Upsets regularly happen in this sport, but rarely do they shake a full continent. That however happened today when the WBO Flyweight world title was ripped from the hands of Chinese star Zou Shiming (9-2, 2) [邹市明] by little known Japanese fighter Sho Kimura (15-1-2, 8) [木村翔], who refused to read the script and upset a man priced as a 1/40 favourite!
Kimura rarely looked like a man taking a leap up in class as he pressured Shiming from the opening round, forcing the Chinese fighter to fight at a pace he never seemed comfortable with. That was despite Shiming using his boxing skills well, and avoiding a lot of the heavy leather Kimura threw his way.
As the bout progressed Kimura began to have growing success, landing notably to the body, and despite taking some solid counters he never seemed to be discouraged by what Shiming threw his way, including some really eye catching shots. Instead it seemed as if the Chinese fighter was beginning to question himself, moving more than fighting and needing to do so whilst Kimura continued to press.
That pressure came at a cost to Kimura, who was cut over the right eye from a head clash, but the blood seemed to drive the challenger on, further leaving Shiming in trouble.
Shiming's footwork began to falter in the later rounds, twice slipping in his own corner, and it seemed clear he was tiring from the incessant and often wasteful movement. As a result Kimura was getting more and more chances and he made the most of them in round 11 letting his hands go on a tiring Shiming who fell to the canvas as Kimura unloaded. The Chinese fighter, showing clear signs of exhaustion, got back to his feet but the referee knew he was unfit to continue waving off the bout and saving the Chinese hero from extra punishment.
With the loss Shiming likely looks at retirement, and will be kicking himself for having this fight after an overly long training camp that likely left him less than 100%. At 36 he's old, very old for a Flyweight, and it's hard to see him mounting any sort of a comeback. For Kimura however it's a career defining win, and one that will live on long with the Japanese fans, who will perhaps see this as a huge win over a major geopolitical rival.
Amazingly with the win Kimura becomes only the 9th Japanese fighter* to win a world title title outside of Japan, the first since Tomoki Kameda back in 2013, the first to do so on Chinese soil and helps secure Japan's graps on the Flyweight division, becoming their third reigning champion at the weight alongside WBA champion Kazuto Ioka and WBC kingpin Daigo Higa. Also, impressively, Japan now has 12 Japanese born world champions, and 13 world champions if we include Teiken promoted Jorge Linares, showing just how much of a high Japanese boxing is on right now!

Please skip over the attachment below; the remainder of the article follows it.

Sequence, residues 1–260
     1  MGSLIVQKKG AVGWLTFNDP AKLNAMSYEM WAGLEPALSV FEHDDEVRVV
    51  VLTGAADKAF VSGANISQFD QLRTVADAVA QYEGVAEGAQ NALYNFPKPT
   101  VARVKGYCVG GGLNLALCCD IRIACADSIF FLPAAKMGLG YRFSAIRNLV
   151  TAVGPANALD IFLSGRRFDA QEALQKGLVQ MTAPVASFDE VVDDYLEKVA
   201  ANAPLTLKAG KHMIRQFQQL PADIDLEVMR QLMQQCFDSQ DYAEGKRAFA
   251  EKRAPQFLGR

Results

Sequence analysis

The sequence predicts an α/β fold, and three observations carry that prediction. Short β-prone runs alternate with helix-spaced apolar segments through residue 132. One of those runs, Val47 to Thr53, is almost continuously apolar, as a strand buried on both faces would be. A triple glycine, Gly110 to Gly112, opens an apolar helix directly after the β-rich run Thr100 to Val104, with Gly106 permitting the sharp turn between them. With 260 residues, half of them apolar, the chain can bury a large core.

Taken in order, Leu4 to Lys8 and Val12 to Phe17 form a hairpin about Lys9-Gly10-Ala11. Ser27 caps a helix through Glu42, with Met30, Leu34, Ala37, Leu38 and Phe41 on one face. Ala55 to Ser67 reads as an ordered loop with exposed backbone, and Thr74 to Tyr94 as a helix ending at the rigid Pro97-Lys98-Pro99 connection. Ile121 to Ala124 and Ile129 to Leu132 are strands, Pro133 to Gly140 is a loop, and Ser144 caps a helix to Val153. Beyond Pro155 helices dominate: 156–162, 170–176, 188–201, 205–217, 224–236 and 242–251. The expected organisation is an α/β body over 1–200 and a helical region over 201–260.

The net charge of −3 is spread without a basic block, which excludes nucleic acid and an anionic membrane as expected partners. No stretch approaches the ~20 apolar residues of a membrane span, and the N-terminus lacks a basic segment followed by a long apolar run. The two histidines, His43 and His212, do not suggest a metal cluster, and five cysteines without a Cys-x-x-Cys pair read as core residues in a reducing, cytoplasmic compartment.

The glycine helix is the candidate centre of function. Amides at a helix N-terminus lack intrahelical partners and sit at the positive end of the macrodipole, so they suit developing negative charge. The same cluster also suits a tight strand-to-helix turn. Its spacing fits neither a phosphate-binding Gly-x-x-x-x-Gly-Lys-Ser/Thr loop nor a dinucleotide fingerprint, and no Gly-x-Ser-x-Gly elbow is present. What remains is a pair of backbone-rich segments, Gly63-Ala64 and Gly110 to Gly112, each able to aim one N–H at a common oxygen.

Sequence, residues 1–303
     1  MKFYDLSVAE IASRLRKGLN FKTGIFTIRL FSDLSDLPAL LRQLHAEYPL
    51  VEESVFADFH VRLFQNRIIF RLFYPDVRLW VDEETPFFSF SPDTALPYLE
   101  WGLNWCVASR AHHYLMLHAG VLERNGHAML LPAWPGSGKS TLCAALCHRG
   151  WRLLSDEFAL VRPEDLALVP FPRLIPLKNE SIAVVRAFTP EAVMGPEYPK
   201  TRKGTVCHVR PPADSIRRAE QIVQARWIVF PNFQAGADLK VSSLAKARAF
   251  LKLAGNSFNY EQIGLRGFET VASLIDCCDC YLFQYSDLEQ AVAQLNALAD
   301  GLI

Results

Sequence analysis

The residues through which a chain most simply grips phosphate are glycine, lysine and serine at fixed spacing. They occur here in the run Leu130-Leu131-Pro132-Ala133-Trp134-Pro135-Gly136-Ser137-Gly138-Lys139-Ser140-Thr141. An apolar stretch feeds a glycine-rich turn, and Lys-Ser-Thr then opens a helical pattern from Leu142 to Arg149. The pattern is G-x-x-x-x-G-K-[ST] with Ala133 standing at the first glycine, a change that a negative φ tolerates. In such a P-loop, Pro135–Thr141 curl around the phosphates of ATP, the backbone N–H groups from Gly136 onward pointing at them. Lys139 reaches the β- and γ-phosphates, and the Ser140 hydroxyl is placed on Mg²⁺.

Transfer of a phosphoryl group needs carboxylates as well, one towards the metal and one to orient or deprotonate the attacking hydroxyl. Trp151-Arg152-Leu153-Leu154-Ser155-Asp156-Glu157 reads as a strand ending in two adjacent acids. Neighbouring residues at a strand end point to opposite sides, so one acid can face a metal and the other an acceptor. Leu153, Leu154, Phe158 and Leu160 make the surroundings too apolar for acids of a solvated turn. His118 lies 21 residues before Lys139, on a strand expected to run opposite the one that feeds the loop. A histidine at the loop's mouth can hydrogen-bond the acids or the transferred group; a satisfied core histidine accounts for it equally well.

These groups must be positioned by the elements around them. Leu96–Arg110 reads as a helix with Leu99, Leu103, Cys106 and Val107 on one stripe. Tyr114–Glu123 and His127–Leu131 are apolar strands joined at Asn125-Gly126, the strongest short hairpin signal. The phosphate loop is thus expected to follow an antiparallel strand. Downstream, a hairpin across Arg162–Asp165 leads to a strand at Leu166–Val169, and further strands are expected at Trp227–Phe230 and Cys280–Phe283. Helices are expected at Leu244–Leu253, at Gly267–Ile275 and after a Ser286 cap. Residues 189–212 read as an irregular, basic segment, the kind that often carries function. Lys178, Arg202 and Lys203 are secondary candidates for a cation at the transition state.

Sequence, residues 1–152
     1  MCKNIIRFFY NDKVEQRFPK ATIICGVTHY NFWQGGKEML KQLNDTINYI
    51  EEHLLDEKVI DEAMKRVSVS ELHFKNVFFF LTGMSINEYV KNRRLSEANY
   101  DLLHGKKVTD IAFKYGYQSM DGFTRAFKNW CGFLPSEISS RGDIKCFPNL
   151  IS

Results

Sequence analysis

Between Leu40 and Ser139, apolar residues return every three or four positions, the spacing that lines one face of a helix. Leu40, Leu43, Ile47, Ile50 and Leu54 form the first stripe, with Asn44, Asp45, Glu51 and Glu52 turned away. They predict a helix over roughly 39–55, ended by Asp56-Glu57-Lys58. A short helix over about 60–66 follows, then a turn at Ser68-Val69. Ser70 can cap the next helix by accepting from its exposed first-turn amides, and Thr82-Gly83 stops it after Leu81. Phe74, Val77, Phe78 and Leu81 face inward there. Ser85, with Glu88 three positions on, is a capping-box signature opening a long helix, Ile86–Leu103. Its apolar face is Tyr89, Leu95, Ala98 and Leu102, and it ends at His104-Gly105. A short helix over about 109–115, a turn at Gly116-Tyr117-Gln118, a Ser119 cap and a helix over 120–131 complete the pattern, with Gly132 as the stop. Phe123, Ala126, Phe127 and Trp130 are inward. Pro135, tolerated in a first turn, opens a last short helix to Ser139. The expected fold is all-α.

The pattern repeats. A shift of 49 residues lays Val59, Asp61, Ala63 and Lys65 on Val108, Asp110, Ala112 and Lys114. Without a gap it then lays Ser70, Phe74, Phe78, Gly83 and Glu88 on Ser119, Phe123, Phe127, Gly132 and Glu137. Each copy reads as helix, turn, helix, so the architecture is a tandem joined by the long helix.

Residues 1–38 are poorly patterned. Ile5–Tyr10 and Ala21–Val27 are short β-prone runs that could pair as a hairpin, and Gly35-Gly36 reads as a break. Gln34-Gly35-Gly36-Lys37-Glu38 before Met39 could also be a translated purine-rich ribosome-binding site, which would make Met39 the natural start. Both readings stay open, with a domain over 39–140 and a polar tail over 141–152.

*Koki Eto's WBA "interim" Flyweight title isn't included in this stat
(Image courtesy of boxingnews.jp)
Japanese prospects rising through the ranks quickly seems to be the thing at the moment, and there has been a string of super talented Japanese youngsters racing through the rankings and claiming world titles after just a handful of fights. The latest Japanese fighter to do just that was Minimumweight Hiroto Kyoguchi (8-0, 6) [京口 紘人], who claimed the IBF Minimumweight title earlier today, dethroning Jose Argumedo (20-4-1, 12). The youngster may have had more fights than some of the other Japanese youngsters who have raced to titles, but he had been a professional for just 15 months leading into this bout.
The bout promised a lot. Both are aggressive fighters, both have power and both have been in some entertaining bouts so far. It seemed in the first round that we were set for something a bit special as the two men stayed close, and let their shots off, with both landing some pretty solid and eye catching shots. By the end of the round though it seemed like Argumedo, who had spoke about a war at the signing ceremony, had felt the power of Kyoguchi and didn't want to taste too much of it using a lot of movement to avoid a fire fight.
The movement of Argumedo's continued in round 2, with Kyoguchi struggling to pin his man down, though he did land some eye catching body shots. The movement seemed to frustrate Kyoguchi, but came at an expense in regards to the power Argumedo could land with himself. In round 3 Argumedo decided to change tactic again, looking to land bombs, that came with with the problem of missing and being countered. His solution to that was to smother Kyoguchi, which became a problem through much of the bout, with the action descending into a slop fest of holding, hugging, rabbit punches and leaning on each other.
Argumedo got back on the move in round 4, with Kyoguchi fighting conservatively. Although holding back the Japanese fighter landed a number of body shots, in an attempt to stop Argumedo from hitting and holding, and a huge right hand upstairs that that again showed the danger that he possess. Argumedo ended up trying to throw the kitchen sink at Kyoguchi, but the accuracy simply wasn't there.
Rounds 5 and 6 were nothing short of messy wrestling rounds, with the clean punches kept to a minimum. It was becoming hard to watch, and hard to score. Argumedo had success with his jab, and his right hand, occasionally, whilst Kyoguchi looked to land body shots. It seemed however that both were rushing their work, throwing out of range and generally boxing like idiots, rather than two world class fighters.
Despite the messy action it seemed like both did have the fire power to hurt the other, and that proved to be the case in round 7, when a head shot shoot up Argumedo, who was clearly hurt and lucky that the shot came so late in the round as he began to eat some very hard body shots, and finished the round with a cut on the nose. Frustratingly Kyoguchi failed to build on the previous round, and round 8 was another sloppy round, with Kyoguchi's frustrations boiling over as he pushed Argumedo over. The following round saw Kyoguchi finally have a break through, badly hurting Argumedo and then sending him down legitimately with a follow up to secure a big 10 round, and had the round been 30 seconds longer he may well have closed the show.